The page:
Financial market efficiency in the truckload transportation sector
The tools for managing contract freight are digitizing a broken model.
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Editor’s note: As a rule, we don’t run articles from solution providers touting their products. At the same time, there are those occasions when a provider comes to our attention with something that is unique to the market and we invite them to describe what they’re doing because it may be of interest to readers. And, really, they can explain it best. That was the case when I spoke to Anshu Prasad a few months ago, which led to the column from Anshu below. Bob Trebilcock, executive editor, Modern Materials Handling
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Here’s a question: Name the $800 billion domestic industry that is inefficient, volatile and fragmented, and is managed with manual, resource-intensive operations costing more than $90 billion a year? The answer is the U.S. truckload transportation market.
U.S. truckload transportation is a fragmented industry with tens of thousands of shippers and over 300,000 trucking providers. The industry spends an estimated $90 billion in manual, tactical efforts – phone calls, faxes, emails – to operationally secure loaded miles for carriers and guaranteed service for shippers. Even after putting 5 million workers against this problem, up to 25 percent of road miles are driven empty, wasting hours of service and pushing driver turnover to unprecedented levels.
Shippers struggle with feast or famine cycles, where swings in the cost and availability of truckload transportation blows budgets and disrupts operations. Carriers likewise struggle to ride through wildly fluctuating market conditions, while also facing persistent driver shortages and increased regulatory pressure. Truckload rates on the current U.S. market are rising to three-year highs and many shippers are in the situation of not only paying high rates, but often are unable to ship their product.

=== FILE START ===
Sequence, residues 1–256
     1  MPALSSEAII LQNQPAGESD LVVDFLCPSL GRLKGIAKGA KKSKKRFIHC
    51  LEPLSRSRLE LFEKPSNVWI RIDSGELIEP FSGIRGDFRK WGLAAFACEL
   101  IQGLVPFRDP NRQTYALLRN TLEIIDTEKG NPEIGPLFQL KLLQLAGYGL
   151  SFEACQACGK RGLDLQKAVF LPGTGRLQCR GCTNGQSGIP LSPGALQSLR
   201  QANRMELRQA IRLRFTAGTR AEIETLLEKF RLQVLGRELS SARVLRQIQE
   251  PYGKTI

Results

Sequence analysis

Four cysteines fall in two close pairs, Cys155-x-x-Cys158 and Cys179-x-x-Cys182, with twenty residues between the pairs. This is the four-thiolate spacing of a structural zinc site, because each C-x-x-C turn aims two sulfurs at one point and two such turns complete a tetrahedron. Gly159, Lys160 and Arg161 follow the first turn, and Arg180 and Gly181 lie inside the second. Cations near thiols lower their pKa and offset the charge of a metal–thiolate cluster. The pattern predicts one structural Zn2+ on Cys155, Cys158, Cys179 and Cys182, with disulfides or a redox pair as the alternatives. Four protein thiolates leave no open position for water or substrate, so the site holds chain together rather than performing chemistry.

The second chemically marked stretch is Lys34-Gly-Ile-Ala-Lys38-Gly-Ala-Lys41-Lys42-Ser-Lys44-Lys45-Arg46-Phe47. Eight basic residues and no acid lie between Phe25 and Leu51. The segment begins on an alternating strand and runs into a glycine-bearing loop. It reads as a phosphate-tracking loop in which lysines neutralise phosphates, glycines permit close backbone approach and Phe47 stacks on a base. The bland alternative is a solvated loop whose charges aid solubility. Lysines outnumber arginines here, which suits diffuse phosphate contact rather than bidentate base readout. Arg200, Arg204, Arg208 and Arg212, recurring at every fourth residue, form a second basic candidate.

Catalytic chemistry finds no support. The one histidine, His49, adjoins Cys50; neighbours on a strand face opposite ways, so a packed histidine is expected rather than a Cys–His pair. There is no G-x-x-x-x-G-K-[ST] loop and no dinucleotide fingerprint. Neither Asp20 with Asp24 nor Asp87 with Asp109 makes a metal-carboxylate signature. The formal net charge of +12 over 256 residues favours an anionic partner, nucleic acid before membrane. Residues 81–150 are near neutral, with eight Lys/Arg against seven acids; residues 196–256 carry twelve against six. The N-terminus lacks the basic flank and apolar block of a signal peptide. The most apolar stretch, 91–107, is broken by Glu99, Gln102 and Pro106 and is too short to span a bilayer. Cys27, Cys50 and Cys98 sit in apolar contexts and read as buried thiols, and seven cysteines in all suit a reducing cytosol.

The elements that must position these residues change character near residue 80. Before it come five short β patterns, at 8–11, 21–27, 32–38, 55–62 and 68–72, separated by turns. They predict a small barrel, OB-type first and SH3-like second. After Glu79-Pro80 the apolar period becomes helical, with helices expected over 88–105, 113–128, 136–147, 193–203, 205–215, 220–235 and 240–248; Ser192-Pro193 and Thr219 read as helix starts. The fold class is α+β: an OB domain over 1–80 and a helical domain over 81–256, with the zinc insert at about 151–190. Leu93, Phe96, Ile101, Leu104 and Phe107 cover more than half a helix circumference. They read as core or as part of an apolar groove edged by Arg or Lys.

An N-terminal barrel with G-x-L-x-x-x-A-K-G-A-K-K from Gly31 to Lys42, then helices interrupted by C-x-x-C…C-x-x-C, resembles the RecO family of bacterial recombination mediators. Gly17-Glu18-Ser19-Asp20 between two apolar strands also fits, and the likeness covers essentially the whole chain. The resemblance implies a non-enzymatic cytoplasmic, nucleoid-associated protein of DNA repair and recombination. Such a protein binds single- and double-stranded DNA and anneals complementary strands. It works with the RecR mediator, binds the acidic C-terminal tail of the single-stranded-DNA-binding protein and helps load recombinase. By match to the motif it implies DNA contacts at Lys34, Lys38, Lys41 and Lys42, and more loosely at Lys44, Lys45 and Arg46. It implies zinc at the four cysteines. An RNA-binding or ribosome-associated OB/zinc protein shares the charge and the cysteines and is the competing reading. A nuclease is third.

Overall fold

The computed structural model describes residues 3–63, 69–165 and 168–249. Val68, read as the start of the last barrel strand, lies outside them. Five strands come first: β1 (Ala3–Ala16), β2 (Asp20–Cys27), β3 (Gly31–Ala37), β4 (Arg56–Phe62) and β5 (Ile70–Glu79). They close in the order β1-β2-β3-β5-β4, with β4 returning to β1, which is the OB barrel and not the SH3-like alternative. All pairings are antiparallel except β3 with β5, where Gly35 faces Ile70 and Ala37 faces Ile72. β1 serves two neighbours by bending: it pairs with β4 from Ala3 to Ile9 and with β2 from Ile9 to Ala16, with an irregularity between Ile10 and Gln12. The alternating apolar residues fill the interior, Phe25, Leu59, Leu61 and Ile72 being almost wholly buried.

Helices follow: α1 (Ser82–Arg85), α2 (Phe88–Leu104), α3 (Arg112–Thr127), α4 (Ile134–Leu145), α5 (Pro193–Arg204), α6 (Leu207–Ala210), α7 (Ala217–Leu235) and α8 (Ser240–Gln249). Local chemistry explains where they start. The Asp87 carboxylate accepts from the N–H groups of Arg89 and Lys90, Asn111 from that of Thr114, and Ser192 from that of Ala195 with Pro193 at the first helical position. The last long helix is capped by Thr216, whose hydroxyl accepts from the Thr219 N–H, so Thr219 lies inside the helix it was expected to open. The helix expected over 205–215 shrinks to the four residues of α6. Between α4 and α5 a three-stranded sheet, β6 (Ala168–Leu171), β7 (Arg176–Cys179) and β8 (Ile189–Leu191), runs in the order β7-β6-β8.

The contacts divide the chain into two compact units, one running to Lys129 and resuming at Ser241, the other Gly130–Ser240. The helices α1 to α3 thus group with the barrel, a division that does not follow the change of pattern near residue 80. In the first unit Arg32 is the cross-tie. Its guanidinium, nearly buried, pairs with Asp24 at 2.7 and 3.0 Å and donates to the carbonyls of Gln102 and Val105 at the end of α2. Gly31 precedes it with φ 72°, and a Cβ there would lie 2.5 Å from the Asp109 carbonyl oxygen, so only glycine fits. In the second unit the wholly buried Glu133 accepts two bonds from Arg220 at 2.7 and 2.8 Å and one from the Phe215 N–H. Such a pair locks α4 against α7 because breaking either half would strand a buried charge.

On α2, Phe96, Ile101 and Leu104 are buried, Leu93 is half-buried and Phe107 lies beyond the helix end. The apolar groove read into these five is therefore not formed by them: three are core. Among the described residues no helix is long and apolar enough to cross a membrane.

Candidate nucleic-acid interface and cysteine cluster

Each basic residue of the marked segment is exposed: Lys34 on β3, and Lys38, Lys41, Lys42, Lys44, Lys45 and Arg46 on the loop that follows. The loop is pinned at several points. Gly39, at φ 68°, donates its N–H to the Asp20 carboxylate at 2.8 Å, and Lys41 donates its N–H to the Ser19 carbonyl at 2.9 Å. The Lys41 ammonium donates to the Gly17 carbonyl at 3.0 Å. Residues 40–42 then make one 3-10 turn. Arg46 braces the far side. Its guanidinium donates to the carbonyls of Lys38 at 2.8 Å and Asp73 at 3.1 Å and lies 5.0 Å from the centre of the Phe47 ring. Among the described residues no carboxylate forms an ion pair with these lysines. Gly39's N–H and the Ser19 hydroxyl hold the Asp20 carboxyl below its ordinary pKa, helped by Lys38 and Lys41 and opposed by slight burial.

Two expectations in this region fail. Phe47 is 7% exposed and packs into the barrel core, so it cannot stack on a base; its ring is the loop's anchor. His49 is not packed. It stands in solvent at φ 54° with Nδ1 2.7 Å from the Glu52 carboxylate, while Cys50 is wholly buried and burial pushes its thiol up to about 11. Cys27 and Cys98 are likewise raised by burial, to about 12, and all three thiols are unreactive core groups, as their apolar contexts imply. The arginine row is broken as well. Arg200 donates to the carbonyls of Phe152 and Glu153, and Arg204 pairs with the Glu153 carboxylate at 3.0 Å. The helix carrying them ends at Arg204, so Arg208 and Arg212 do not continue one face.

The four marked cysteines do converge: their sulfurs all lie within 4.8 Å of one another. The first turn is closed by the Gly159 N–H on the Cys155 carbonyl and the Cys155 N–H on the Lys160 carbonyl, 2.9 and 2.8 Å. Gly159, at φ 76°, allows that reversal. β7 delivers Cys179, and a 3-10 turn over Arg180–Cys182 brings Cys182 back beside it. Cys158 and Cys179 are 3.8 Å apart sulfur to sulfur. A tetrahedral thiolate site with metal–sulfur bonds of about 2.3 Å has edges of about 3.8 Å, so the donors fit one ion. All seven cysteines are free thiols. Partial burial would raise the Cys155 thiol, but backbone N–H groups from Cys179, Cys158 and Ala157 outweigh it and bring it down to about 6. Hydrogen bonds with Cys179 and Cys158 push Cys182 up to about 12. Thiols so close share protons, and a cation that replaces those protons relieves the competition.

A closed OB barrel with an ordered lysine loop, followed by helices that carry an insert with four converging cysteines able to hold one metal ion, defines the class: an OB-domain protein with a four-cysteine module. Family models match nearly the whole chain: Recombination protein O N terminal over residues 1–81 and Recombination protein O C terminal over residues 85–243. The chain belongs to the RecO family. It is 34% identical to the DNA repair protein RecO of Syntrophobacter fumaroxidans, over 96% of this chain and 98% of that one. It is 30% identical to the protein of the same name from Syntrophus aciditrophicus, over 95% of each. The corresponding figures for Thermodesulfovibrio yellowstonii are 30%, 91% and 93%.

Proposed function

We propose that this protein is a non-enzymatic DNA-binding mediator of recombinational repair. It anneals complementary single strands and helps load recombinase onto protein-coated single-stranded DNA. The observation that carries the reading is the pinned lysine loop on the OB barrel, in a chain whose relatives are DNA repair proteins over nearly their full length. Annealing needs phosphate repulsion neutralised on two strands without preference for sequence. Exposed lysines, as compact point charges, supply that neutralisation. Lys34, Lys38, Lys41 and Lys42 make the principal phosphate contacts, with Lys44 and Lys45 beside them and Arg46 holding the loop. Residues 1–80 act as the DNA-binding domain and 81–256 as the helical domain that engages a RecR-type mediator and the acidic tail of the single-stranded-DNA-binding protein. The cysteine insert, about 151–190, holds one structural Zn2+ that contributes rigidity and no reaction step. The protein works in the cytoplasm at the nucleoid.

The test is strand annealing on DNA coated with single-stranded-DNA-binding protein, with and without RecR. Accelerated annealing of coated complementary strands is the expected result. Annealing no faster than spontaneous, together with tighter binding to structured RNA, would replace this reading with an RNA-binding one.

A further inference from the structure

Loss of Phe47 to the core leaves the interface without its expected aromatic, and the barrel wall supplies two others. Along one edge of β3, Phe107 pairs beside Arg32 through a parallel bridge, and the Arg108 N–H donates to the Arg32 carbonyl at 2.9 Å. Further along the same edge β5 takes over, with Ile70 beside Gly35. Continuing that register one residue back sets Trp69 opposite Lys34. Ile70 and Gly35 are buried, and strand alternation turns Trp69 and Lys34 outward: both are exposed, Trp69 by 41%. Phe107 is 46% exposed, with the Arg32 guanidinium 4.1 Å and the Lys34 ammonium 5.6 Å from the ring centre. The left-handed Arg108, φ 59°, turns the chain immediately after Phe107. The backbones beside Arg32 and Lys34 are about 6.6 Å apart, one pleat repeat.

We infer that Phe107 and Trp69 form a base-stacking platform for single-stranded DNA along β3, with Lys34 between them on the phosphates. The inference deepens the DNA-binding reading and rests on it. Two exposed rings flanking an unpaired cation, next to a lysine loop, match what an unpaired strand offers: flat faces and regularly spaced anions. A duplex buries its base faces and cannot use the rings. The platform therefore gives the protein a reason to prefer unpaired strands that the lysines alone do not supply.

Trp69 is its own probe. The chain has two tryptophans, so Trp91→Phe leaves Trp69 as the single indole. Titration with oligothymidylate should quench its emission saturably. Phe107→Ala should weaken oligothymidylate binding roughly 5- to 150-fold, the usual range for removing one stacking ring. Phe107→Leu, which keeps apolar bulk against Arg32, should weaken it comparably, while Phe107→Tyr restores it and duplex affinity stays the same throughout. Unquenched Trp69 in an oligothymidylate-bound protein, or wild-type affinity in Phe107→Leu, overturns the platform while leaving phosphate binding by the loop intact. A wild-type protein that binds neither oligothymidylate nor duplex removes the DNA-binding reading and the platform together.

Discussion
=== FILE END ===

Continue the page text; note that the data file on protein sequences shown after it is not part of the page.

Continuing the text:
During my time as a partner at A.T. Kearney, I concluded that today’s tools and approaches for managing contract freight are broken. Tremendous efforts are expended on annual RFPs and multi-round negotiations, only to yield non-binding agreements. There is an opportunity to significantly reduce this waste through commitments carriers and shippers can plan reliably plan around around and build sustainable efficiencies that will lower costs for buyers and shore up margins for providers. While I recognize that there are digital solutions focused on making the trucking market more efficient, in my estimation, they are digitizing a broken business model.
LogisticsExchange (LE) is a company that is working to relieve this pain by introducing financial market efficiency into the truckload transportation market. As a first step, LE has developed a new kind of freight contract, LE Forwards. These are binding agreements which offer the stable and reliable economics of committed capacity while preserving the flexibility to trade with the broader market on the LE platform.
LE’s digital platform allows buyers and sellers to execute binding, enforceable contracts electronically. Automated opportunity analytics allow members to quickly identify the best fits in their portfolio for digital LE Forwards contracts. Proprietary matching and rating algorithms ensure buyers and sellers align on critical service and performance requirements. Smart, standardized contracts and active monitoring through execution ensure contractual obligations are honored. If either counterparty’s needs change, LE’s trading platform provides the liquidity to close out positions.